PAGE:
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Upper Canada’s Village Horse Lover’s Weekend September 5, 6 & 7. September 5 will celebrate the 350th Anniversary of the Canadian Horse coming to North America from France

RBC Chair John Mills Original Oil Painting of a Canadian Mare & Foal at Upper Canada Village Museum .
All proceeds from the auction of this painting at UCV on September 5th, 1pm. will be donated to 
TROTT, Equine Therapy Unit in Ottawa, ON. trott.ncf.ca
Online bidding for this beautiful painting can be made by clicking the link below
or you can send a bid by email to rbc@rarebreedscanada.org
You can also bid on September 5 in person, up to 1pm.at Upper Canada Village Museum.
If you can't make the event, bids will also be accepted by telephone at 204-573-8204 at anytime.
Thank you.
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Here is the image of RBC Chair John Mills Original Oil Painting of a Canadian Mare & Foal at UCV(Upper Canada Village Museum).
All proceeds from the auction at UCV on September 5th, will go to TROTT, equine therapy unit in Ottawa, ON.
John annually donates a few pieces of his work to RBC to help promote the heritage breeds of our
National Non-Profit Charitable Organization.
This piece is 12" X 14", stretched canvas, unframed, with hangar.
John's work can be seen at  www.johntmills.ca

 
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Upper Canada’s Village Horse Lover’s Weekend September 5, 6 & 7
September 5 will celebrate the 350th Anniversary of the Canadian Horse coming to North America from France


On September 5 events using only Canadian Horses will include field work, threshing, power drag saw, horse drawn wagon and boat rides. The Canadian horse became the National Horse of Canada in 2002.  At 1 PM there will  be a parade of all the Canadian horses. The Canadian horses at the village will be used as well as  teamsters will be bringing Canadian horses from Eastern Ontario and Western Quebec to participate in this special day.


 


 
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Rare Breeds Canada Old Black and White Photograph Contest

We are looking for old black and white photographs dating back to 1955 and older. Send up to three of your favourite old black and white photographs to the Rare Breeds office by September 7. The top ten photographs will be printed in the fall issue of Genesis.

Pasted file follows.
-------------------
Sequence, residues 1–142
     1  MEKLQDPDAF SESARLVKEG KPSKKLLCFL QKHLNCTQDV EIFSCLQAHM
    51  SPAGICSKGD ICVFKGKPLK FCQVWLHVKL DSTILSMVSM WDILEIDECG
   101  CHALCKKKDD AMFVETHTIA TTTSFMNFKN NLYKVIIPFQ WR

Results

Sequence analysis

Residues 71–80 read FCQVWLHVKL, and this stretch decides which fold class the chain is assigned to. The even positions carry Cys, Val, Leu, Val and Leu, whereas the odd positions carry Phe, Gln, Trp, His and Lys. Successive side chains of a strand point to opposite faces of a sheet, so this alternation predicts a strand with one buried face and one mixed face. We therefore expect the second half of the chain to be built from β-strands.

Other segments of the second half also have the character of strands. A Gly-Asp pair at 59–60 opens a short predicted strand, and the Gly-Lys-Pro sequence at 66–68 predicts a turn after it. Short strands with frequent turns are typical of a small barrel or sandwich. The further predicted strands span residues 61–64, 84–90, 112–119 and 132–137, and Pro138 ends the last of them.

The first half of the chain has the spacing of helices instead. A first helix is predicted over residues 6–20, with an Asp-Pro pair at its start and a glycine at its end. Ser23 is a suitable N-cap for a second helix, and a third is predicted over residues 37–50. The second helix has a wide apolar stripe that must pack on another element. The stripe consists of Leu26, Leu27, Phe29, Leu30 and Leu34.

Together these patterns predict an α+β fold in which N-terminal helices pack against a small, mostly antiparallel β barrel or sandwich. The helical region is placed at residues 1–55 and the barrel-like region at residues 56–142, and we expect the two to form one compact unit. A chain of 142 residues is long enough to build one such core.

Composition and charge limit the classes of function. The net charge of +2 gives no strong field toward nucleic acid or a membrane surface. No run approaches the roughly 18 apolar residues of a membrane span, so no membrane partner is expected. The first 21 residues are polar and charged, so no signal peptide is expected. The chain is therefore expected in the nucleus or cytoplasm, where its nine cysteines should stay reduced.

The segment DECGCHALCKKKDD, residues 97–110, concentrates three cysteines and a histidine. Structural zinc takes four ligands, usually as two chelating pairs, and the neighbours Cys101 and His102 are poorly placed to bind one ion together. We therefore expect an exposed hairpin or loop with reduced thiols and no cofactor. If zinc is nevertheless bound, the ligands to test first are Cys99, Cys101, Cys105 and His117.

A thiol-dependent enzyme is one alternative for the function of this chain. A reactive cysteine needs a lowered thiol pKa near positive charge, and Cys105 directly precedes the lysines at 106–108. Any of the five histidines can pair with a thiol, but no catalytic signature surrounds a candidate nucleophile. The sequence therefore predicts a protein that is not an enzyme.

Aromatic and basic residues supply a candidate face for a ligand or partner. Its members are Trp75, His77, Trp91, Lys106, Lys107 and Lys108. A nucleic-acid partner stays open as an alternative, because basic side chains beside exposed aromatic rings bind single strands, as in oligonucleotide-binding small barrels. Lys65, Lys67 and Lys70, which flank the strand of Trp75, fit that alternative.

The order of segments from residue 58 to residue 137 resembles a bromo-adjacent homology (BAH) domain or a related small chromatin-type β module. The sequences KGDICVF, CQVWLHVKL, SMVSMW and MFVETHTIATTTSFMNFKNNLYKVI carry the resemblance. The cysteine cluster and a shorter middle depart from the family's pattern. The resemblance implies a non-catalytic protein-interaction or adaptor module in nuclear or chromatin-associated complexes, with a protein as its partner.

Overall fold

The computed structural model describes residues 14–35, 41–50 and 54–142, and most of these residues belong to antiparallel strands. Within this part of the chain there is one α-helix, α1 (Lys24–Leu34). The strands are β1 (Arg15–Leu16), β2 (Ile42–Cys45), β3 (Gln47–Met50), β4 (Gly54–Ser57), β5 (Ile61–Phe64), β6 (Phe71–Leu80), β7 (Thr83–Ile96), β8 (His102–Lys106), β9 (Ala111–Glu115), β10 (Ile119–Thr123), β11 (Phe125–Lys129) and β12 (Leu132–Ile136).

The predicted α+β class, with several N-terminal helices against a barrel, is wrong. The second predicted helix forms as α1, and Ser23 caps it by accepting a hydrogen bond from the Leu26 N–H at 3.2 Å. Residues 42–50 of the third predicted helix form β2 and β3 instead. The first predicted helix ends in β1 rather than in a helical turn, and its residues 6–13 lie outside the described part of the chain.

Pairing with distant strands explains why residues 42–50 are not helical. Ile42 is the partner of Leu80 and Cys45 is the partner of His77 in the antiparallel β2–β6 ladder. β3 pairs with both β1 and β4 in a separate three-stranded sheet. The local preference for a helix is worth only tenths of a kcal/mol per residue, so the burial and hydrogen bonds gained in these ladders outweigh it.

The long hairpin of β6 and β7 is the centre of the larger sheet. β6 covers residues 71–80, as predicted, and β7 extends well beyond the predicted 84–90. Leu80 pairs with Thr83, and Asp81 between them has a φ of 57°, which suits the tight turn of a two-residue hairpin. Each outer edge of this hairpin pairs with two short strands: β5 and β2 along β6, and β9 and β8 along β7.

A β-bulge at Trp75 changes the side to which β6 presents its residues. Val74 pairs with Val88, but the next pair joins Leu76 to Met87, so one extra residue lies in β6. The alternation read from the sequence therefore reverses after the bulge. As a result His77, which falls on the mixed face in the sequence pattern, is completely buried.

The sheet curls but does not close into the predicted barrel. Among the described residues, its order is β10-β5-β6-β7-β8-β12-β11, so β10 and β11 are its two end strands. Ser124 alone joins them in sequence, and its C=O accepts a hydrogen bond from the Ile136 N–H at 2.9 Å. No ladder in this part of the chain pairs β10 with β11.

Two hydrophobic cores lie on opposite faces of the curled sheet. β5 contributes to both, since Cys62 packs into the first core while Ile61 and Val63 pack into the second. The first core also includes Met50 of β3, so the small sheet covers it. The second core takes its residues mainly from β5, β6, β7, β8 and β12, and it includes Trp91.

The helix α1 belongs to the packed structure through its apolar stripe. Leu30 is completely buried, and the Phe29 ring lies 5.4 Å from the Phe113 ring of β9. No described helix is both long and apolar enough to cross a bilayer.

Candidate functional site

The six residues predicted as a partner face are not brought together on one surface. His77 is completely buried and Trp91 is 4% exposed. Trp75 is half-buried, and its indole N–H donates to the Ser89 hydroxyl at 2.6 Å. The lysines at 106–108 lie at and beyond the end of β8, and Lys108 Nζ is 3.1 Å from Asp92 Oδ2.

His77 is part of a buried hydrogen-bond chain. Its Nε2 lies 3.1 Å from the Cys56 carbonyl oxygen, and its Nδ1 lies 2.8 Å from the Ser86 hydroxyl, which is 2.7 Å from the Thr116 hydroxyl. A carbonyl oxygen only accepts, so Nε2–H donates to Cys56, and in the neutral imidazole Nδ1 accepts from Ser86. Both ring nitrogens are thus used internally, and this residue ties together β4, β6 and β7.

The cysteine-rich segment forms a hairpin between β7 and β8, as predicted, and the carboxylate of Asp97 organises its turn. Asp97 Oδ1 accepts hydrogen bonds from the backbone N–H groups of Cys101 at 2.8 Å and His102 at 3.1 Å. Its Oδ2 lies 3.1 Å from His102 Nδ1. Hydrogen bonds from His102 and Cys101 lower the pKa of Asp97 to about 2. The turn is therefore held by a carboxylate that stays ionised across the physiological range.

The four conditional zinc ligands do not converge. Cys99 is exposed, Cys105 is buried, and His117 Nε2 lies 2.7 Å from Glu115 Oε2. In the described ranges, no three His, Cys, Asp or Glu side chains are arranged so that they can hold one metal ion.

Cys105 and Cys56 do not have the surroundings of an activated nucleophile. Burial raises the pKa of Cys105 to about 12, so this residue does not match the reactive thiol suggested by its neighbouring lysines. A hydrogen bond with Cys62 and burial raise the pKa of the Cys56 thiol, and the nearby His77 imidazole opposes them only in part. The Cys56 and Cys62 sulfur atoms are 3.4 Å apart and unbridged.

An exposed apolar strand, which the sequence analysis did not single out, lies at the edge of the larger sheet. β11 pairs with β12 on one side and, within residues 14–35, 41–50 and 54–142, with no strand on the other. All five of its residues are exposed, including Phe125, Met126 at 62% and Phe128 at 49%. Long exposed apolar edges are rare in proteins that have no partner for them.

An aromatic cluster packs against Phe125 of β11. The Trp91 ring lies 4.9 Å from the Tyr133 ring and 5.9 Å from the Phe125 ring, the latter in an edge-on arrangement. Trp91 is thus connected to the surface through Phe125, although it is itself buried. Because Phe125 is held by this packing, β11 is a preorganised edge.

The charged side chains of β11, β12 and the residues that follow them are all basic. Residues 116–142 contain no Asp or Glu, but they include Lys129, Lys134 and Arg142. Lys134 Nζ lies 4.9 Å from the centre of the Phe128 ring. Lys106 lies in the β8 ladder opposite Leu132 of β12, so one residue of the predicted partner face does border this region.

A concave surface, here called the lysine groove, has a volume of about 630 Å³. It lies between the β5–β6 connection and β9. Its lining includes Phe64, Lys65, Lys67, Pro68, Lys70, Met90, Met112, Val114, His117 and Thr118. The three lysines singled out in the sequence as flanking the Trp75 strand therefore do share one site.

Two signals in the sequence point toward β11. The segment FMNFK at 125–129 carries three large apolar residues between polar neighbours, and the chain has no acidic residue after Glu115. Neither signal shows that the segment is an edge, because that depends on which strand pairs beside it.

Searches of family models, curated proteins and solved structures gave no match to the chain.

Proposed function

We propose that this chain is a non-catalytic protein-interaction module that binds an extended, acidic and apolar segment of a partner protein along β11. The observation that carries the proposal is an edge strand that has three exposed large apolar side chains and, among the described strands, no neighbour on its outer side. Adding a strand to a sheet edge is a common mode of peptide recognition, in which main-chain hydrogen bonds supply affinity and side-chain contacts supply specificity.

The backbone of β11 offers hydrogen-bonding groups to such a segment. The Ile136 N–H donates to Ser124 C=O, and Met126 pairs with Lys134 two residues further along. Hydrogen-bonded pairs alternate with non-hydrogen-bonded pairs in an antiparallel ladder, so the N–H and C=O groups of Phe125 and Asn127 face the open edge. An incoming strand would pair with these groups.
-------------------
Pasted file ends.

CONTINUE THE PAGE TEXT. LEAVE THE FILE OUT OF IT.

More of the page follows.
The top three winners will receive the following as prizes.

Winner – A free one year membership to Rare Breeds Canada
and 500 ml of maple syrup from Sugar Maple Farms.

Second place – Signed copy of Horses, Harness and Homesteads
- The History of Draft Horses in Saskatchewan

Third place - Your choice of DVD from Draft Horse Connection

 
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Mark Chant Family Homestead

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Memories in photographs of my grandparent’s farm 1945, feeding more at the farm with my sister. The farm was in Nassagaweya Township of Halton County. The family had come from Yorkshire England in the 1830’s. Dr. J. David Richardson


Massey and Fergie turned four this week......and they are looking for a new oxen-handler. Call the RBC Office 204 824 2386 or Elwood Quinn at 514 941 1510 for more details.

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Casey - Eagle Ridge Suffolks

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Rose - Aryshire heifer


Come Look at Our New Blog
 
 

CHECK OUT OUR 'EVENTS' PAGE TO SEE WHERE RARE BREEDS CANADA PLANS TO BE THROUGHOUT THE SUMMER. 
 




 

Rare Breeds Canada is a federally registered charitable organization formed in 1987. We are working to conserve, monitor and promote heritage and rare breeds of Canadian farm animals.
 

Conservation takes many forms: we work to increase populations, encourage registration of pure stock, assist farmers to find breeding stock, educate the public, maintain a bank of rare semen and create networks so farmers can find and exchange stock and find markets for their produce.
 

Markets are developing for heritage meats–in many cases demand outstrips supply. Thanks to years of dedicated work by Livestock Conservation organization around the world, there is a glimmer of hope for heritage breeds. As long as we will eat them, farmers will keep them.
 

Many breeds that played a vital part in feeding Canadians in the past are still in danger of extinction. Our annual Conservation List takes the pulse of these fragile populations. Rare Breeds Canada also collects data in targeted census counts to understand population distribution.
 

Food security is an important issue in our conservation effort. The genetics of the older rustic breeds have qualities that are in demand now and may be invaluable in the future. Today’s industrial farming methods of intensification and specialization 

have put our food supply at risk by creating a dangerous dependency on a narrow genetic base and highly mechanized management.
 

Heritage breeds are thrifty, easy keepers– are disease resistant, birth easily, and have superior mothering abilities. Chefs and cheese 

makers all over the world are excited about the superior taste of heritage meat & dairy products.

Heritage breeds are ideally suited to organic and sustainable agriculture systems such as rotational grazing and natural, outdoor livestock housing. They complement smallholdings and can be equally successful commercially in the developing niche markets for conscientious consumers.

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